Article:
Fewer employees, shorter hours, diminished collection budgets, reduced programs and services all at a time of record library usage. Don t fret and fritter away scarce resources. Be frugal! In this book, library expert Smallwood persuasively demonstrates that the necessity of doing business differently can be positive. Presenting creative and resourceful solutions to universal concerns from dozens of librarians, representing a wide variety of institutions, this collection helps overtaxed library professionals
* Find supplementary funding sources, including grants
* Save money by sharing resources, using tiered staffing for technical services, and implementing green IT
* Tap into grassroots movements to save neighborhood libraries
* Preserve and enhance important library functions like programming, outreach, and staff development, despite a tight budget
Partnering, sharing, innovating these are the watchwords for contemporary librarians in tough economic times, and this book offers plenty of ideas that can be implemented immediately.
Kate Theimer and Amy Schindler
Editor: Kate Theimer
Case Study, "A New Look for Old Information: Creating a Wiki to Share Campus History," authored by Amy Schindler, UNO faculty member.
Come explore how archives are using the web to reach and interact with users, old and new, as well as serve their own management needs.
Thirteen case studies illustrate archival practitioners' own experiences in creating blogs, wikis, and interactive websites, and contributing to sites such as Flickr, YouTube, Wikipedia, and Second Life. The themes in these case studies are framed by longer analytical essays that reflect on the larger implications of social media for archives -- the "different kind of web" archivists are forming with their users. Learn how social media are changing how archivists conduct outreach, how the concept of authority is adapting and evolving, and the opportunities social media present for enhancing and streamlining traditional archival processes.
In addition, a series of short essays present the viewpoints of some of the primary users -- historians, educators, students, and genealogists. The volume concludes with a group of reflections on the larger implications of social media for archives, including the impact of Web 2.0 on diversity in the archival profession and the archival record.
This book is for practitioners looking for reports on real-world implementations of social media tools; students in archives and history programs interested in implementation and management issues, and the broader theoretical and systemic issues raised by the use of social media; and historians, history faculty, professionals in related fields, such as libraries and museums, and those who study the use of the web will find an encapsulation of the current approach of the archival profession.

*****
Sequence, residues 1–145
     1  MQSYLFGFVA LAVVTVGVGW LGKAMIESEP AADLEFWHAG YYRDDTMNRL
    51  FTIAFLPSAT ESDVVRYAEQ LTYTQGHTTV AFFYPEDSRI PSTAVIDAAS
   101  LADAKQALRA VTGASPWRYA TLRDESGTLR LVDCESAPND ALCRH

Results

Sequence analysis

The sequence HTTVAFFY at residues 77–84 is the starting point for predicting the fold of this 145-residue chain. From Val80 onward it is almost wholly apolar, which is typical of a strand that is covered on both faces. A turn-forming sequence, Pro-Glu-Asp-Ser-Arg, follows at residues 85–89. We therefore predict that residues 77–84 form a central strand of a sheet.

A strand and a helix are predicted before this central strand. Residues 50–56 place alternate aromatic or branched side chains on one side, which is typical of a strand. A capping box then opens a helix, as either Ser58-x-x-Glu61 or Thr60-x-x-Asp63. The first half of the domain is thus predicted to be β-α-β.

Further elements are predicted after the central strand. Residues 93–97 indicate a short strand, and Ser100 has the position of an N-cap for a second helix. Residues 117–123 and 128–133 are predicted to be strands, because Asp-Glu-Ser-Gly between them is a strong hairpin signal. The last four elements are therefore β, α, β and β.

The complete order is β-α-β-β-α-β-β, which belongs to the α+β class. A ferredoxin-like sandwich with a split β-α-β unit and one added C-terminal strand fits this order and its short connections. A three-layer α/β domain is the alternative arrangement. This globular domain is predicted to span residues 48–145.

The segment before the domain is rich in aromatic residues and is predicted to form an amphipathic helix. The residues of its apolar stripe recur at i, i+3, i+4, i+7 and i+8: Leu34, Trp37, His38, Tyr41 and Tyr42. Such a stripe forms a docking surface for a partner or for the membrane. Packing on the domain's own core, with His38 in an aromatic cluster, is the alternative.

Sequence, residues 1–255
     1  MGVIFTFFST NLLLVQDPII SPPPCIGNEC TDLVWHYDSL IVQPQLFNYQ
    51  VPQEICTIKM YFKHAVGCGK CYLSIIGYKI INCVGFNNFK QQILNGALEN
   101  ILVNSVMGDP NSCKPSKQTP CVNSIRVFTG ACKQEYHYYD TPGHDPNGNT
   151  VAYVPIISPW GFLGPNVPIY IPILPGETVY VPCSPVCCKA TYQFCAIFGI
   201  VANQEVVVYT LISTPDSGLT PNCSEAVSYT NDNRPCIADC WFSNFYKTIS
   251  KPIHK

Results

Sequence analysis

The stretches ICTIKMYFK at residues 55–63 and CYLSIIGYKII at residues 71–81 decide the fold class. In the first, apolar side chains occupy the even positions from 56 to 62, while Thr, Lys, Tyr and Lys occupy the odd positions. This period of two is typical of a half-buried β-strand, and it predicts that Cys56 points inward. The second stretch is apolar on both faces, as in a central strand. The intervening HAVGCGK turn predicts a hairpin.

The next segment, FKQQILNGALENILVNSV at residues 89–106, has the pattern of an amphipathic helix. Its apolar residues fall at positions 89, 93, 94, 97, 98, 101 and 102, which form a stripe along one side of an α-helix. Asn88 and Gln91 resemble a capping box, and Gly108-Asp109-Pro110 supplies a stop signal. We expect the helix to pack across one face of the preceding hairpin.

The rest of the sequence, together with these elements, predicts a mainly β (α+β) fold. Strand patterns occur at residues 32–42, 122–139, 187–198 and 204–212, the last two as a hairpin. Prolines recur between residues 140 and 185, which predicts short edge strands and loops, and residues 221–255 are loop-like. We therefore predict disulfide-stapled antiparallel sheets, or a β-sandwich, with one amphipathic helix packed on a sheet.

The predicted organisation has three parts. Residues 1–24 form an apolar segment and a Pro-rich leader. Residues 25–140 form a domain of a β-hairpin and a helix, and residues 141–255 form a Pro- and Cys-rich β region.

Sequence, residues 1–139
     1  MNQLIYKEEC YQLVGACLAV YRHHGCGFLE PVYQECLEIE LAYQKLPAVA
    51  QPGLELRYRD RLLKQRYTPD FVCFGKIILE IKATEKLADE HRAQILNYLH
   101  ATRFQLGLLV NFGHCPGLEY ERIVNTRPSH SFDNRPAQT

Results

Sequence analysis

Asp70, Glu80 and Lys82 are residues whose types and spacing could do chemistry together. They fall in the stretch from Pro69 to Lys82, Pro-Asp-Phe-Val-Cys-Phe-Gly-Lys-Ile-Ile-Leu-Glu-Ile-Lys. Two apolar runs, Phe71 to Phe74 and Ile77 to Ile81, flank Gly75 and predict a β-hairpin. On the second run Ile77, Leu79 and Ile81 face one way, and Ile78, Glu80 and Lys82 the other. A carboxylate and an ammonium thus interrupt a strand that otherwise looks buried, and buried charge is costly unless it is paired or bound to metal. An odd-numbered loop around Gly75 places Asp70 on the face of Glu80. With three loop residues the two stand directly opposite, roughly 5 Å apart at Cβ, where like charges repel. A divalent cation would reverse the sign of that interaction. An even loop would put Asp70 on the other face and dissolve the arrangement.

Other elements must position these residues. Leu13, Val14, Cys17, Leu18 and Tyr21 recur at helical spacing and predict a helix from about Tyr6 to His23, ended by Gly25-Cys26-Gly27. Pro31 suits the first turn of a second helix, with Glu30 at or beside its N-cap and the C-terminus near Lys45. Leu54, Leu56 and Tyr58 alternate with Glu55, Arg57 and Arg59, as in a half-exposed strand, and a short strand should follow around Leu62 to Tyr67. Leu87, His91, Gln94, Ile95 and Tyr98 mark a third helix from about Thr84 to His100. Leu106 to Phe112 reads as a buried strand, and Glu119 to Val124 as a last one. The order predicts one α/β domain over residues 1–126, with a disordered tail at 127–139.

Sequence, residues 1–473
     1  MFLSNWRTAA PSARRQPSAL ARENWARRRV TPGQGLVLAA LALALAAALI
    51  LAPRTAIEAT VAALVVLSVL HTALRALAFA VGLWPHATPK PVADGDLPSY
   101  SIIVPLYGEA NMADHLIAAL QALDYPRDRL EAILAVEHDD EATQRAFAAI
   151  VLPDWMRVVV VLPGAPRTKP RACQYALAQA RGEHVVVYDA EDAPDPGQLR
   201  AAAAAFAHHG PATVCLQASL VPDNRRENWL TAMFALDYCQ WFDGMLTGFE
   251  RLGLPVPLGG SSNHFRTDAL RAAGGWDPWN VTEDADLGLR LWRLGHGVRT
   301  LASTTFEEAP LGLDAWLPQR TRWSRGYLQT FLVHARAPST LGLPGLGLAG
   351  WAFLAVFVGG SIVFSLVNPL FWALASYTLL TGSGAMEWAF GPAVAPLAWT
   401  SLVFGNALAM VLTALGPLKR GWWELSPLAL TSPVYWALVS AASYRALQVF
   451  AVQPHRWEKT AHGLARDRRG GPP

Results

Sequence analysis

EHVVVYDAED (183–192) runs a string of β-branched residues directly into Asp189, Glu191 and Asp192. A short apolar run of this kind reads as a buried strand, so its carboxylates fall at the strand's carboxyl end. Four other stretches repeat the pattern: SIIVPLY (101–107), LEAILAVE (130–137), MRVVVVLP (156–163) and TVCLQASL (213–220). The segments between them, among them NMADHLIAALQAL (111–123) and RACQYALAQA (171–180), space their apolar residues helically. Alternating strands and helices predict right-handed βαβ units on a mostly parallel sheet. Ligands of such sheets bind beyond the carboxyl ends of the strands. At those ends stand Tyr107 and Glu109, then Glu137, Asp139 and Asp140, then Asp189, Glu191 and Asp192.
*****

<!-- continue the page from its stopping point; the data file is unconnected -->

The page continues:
Shaista Wahab and Barry Youngerman
Co-authored by Shaista Wahab, UNO faculty member.
Afghanistan has long been considered a remote and uninviting country to all but its closest neighbors. This lightly populated agricultural and pastoral nation has guarded its independence in the age of European imperialism thanks in large part to its limited perceived value. Political isolation reinforced by a conservative tribal culture kept most of the cultural and economic changes of the modern world at bay. Slowly, however, modern ways and values began to penetrate into the capital city of Kabul.
A Brief History of Afghanistan, Second Edition examines this country's isolation and how it found itself involved in 30 years of war and anarchy. This updated resource provides extensive background information so readers can understand the issues and make informed judgments of their own.
Jana Varlejs, Graham Walton, Heidi Blackburn, Alysia Starkey, and Kate Wise
Editors: Jana Varlejs and Graham Walton
Chapter, Generational Tug-of-War – Playing Nice Between Millennials and Baby Boomers in a Multi-Generational Staff, co-authored by Heidi Blackburn, UNO faculty member.
This volume comprises papers prepared for the 8th World Conference on Continuing Professional Development (Bologna, Italy, 18-20 August 2009). Within the broad theme of creating a positive work environment for a multi-generational workforce in library and information organizations, the conference addresses managing between and across generations, mentoring and coaching, attracting people to the profession and developing a new generation of leaders, re-skilling and transferability of skills, succession planning and passing on knowledge.
Dari, one of the official languages of Afghanistan, is the primary language of Kabul, the nation's capital. This book introduces the language in an easy-to-follow, step-by-step format.
The first part teaches one how to read, write, and pronounce each of the 32 letters of the Dari alphabet. Subsequent sections cover basic grammar, syntax, and vocabulary. The writing, syntax, and grammar sections all feature exercises that help reinforce the material presented in the lessons. The final section focuses on words and phrases of particular interest to those traveling where Dari is spoken. The audio CD feature complements each of the sections by allowing the reader to hear and practice the language as spoken.